Ranking the 10 Best Brands on the PGA Tour
What does it mean to have the best brand on the PGA Tour? What metric could we possibly use to evaluate the "best"?
Here's a thought: Look at the top 50 golfers in the Official World Golf Ranking (OWGR). These golfers, we can agree, are the best in the world. Then, have a look at their equipment sponsors. The manufacturer with the most staffers in its stable, then, is the "best."
Of course, this assumes that all sponsored players are equal, which, of course, they are not. Nike is happier to have Tiger Woods playing its clubs than Charl Schwartzel sporting the swoosh.
Still, it's a guide.
On to the best brands.
Notable staffers: Ernie Els, Aaron Baddeley
The Barney Adams-founded company doesn't have any staffers in the top 50 of the Official World Golf ranking. The great Ernie Els, however, is an Adams staffer, which is a feather in the company's cap.
Adams is now under the TaylorMade-Adidas umbrella, and the company appears to be struggling for market share and differentiation from TaylorMade. The company introduced a new logo in 2013 and seems to be doing a bit of soul searching.
Top 50 on staff: Rickie Fowler
One of the most dynamic brands in professional golf, Cobra-Puma golf's poster child is Rickie Fowler. The bold, bright and edgy company recently saw the defection of Ian Poulter.
However, with golfers such as Fowler and Lexi Thompson on its roster, Cobra-Puma has a hold on some of the most marketable young golfers on the planet.
Top 50 on staff: Luke Donald
Japanese company Mizuno doesn't have a huge presence on the PGA Tour. The irons specialist only counts former world No. 1 Luke Donald on its roster from inside the top 50 in the OWGR.
Still, the company has a reputation for making some of the finest forged irons in the world and is strong globally.
7. Cleveland Golf
Top 50 on staff: Keegan Bradley, Graeme McDowell, Hideki Matsuyama
While the roster of pros with Cleveland Golf isn't a huge one, the company does count a pair of cool dudes among its charges: Keegan Bradley and Graeme McDowell.
Top 50 on staff: Matt Kuchar, Brandt Snedeker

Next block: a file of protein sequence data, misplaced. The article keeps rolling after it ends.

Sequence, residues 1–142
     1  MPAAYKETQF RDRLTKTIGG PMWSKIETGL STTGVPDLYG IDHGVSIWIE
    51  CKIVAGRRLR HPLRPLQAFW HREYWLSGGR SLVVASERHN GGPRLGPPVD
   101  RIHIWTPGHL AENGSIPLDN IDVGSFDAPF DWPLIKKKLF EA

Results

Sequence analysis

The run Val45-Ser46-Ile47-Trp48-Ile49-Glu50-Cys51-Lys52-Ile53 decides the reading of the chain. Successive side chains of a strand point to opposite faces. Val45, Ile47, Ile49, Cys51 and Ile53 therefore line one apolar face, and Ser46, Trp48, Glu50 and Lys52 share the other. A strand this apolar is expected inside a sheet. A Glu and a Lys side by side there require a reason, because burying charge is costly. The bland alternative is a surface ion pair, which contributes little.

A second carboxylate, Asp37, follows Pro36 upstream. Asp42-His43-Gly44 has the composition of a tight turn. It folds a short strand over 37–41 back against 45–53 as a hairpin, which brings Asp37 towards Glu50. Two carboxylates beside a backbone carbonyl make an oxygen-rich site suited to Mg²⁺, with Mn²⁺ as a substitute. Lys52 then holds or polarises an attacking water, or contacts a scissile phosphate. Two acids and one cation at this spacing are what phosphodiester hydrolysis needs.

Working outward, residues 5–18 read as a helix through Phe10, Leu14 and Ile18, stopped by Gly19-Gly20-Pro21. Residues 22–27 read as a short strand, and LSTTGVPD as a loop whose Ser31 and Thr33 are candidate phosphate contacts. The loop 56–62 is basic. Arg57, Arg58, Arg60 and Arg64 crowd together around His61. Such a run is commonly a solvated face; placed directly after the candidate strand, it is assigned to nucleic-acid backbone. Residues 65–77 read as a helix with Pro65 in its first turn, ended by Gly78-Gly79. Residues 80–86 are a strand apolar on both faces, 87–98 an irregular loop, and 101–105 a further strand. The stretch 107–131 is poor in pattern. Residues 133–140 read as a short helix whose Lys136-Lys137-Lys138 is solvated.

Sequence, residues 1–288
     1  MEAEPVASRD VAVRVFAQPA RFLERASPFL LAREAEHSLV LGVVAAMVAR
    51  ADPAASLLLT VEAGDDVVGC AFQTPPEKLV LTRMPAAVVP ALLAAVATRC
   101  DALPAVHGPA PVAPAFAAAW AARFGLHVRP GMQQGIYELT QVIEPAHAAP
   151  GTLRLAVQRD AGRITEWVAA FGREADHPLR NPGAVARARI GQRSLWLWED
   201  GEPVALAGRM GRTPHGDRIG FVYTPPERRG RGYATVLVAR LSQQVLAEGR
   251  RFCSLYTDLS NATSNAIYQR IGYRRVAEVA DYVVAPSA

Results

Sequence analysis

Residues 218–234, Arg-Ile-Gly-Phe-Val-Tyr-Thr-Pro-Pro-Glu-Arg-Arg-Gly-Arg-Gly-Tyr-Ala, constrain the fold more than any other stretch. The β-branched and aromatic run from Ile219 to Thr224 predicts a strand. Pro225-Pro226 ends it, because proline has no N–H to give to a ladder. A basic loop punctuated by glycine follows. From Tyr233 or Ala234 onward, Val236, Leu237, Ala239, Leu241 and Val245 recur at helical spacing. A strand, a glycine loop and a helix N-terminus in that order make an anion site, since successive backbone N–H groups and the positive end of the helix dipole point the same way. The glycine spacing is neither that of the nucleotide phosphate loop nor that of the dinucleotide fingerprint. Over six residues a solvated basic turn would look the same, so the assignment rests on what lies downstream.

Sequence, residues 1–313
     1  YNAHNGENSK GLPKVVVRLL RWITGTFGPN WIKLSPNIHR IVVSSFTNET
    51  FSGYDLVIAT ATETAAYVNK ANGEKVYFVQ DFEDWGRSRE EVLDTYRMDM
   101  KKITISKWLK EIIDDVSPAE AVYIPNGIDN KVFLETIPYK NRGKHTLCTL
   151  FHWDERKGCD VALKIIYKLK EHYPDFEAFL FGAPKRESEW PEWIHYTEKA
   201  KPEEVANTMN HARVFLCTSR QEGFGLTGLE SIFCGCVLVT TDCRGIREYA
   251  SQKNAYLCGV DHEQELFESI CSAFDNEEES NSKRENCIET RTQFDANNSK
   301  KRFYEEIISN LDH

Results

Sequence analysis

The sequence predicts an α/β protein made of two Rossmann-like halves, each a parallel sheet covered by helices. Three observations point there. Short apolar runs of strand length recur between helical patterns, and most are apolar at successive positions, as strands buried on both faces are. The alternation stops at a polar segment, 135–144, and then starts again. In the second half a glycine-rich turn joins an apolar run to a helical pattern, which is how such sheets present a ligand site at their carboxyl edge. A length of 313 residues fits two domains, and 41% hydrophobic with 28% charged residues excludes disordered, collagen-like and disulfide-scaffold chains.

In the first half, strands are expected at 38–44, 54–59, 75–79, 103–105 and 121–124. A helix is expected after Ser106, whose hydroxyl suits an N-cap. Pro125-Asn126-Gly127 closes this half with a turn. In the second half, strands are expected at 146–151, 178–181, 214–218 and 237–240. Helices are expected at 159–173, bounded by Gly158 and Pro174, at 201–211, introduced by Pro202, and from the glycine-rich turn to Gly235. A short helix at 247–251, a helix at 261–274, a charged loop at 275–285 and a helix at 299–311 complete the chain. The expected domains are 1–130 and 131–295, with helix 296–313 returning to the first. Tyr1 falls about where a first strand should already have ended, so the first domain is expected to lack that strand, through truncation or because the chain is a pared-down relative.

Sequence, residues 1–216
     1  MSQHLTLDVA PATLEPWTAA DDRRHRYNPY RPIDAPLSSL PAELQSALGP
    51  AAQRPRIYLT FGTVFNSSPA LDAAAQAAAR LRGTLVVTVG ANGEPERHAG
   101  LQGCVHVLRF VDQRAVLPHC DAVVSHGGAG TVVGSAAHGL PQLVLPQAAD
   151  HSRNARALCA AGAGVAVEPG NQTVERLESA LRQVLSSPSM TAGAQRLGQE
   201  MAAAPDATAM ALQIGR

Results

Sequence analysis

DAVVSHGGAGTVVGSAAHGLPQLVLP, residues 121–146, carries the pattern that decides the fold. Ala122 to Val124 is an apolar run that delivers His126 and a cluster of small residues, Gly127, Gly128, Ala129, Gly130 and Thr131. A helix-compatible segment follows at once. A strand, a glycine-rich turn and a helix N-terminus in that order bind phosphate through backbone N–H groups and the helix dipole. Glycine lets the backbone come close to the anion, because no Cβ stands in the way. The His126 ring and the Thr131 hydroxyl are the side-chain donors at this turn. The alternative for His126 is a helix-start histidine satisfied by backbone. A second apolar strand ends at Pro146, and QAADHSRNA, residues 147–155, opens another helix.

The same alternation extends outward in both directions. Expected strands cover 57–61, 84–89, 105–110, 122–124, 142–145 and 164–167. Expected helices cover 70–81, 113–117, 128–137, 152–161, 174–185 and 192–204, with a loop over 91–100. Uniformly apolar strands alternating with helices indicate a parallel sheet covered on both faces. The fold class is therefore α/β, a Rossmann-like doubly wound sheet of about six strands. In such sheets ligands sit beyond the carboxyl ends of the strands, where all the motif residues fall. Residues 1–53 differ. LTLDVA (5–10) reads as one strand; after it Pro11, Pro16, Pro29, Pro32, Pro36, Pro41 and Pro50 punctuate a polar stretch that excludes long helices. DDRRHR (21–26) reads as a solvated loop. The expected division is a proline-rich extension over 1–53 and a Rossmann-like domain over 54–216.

While golf isn't the core of Bridgestone's enterprise, the Japan-founded company began making golf clubs in 1972 and has had a presence on tour for the past several decades.
Top-50 golfers Matt Kuchar and Brandt Snedeker both play Bridgestone clubs (at least partially). Davis Love III and Fred Couples, too, are sponsored by the company.
Top 50 on staff: Tiger Woods, Rory McIlroy, Charl Schwartzel
The protagonist in the story of Nike Golf is Woods. Upon turning pro in 1996, Woods inked a reported five-year, $40 million deal and has re-upped with the Beaverton, Oregon company since, according to ESPN.com's Bob Harig.
A partnership with the most influential and widely popular golfer was a major coup for Nike (which essentially formed its golf division for Woods).
When the company signed Rory McIlroy in early 2013, it could count two of the highest-profile golfers on tour in its stable. Unfortunately, the company isn't widely represented among the top 50, with only Schwartzel joining Woods and McIlroy under the swoosh.
Top 50 on staff: Bubba Watson, Martin Kaymer, Billy Horschel, Hunter Mahan, Joost Luiten, Miguel Angel Jimenez, Lee Westwood
While the preceding companies on this list all have stars on their rosters, the four equipment manufacturers that occupy the remainder of this list all have significantly more players in the top 50.
Ping counts seven of the top 50 golfers in the world among its ranks. The Arizona-based manufacturer's reputation for quality has made it hot among professionals since the release of the Eye 2 irons more than 20 years ago.
Top 50 on staff: Chris Kirk, Hideki Matsuyama, Henrik Stenson, Gary Woodland, Patrick Reed, Phil Mickelson, Thomas Bjorn, Thongchai Jaidee
Carlsbad, California-based Callaway Golf has experienced something of a resurgence in recent years thanks to a huge marketing push and efforts to freshen up the brand.
In addition to stalwart Phil Mickelson, Callaway has a roster of young talent in its corner, including Chris Kirk, Hideki Matsuyama, Patrick Reed and Gary Woodland.
Top 50 on staff: Justin Rose, Dustin Johnson, Sergio Garcia, Jason Day, Jamie Donaldson, Stephen Gallacher, Mikko Ilonen, John Senden, Brendon Todd, Ryan Moore
Proprietors of the No. 1 driver in golf, TaylorMade is the second-best brand on tour. Nobody seems to shell out the greenbacks like TaylorMade, and the company's presence on tour (and in all mediums of golf-related advertising) is strong.
While the Adidas-owned club manufacturer doesn't have a Woods or a Mickelson in its ranks, its logo graces the hats of Justin Rose, Dustin Johnson and Sergio Garcia.
Top 50 on staff: Adam Scott, Jordan Spieth, Jimmy Walker, Jason Dufner, Zach Johnson, Victor Dubuisson, Ian Poulter, Kevin Na, Bill Haas, Brooks Koepka, Steve Stricker, Webb Simpson, Ryan Palmer, Marc Leishman, Graham DeLaet
The makers of the Pro-V1—the most widely played golf ball on tour—Titleist also have more top-50 golfers on its books than any other manufacturer.
Traditionally thought of as pursuing a large number of pros, rather than shooting for the big names, Titleist's approach has landed 15 of the top 50 golfers in the Official World Golf Ranking, most notably Adam Scott.